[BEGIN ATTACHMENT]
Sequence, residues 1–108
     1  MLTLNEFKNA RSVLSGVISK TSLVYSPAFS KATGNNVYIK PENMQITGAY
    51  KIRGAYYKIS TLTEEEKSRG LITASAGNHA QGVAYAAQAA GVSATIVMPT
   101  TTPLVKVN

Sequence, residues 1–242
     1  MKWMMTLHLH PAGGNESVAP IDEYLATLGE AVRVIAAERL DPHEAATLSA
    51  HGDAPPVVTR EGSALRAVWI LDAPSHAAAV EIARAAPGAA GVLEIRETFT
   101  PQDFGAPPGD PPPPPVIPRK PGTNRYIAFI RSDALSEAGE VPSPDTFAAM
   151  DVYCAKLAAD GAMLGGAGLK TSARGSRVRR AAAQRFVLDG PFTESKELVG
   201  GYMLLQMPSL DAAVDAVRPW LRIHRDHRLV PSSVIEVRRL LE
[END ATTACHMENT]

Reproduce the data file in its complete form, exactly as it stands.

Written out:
Sequence, residues 1–108
     1  MLTLNEFKNA RSVLSGVISK TSLVYSPAFS KATGNNVYIK PENMQITGAY
    51  KIRGAYYKIS TLTEEEKSRG LITASAGNHA QGVAYAAQAA GVSATIVMPT
   101  TTPLVKVN

Sequence, residues 1–242
     1  MKWMMTLHLH PAGGNESVAP IDEYLATLGE AVRVIAAERL DPHEAATLSA
    51  HGDAPPVVTR EGSALRAVWI LDAPSHAAAV EIARAAPGAA GVLEIRETFT
   101  PQDFGAPPGD PPPPPVIPRK PGTNRYIAFI RSDALSEAGE VPSPDTFAAM
   151  DVYCAKLAAD GAMLGGAGLK TSARGSRVRR AAAQRFVLDG PFTESKELVG
   201  GYMLLQMPSL DAAVDAVRPW LRIHRDHRLV PSSVIEVRRL LE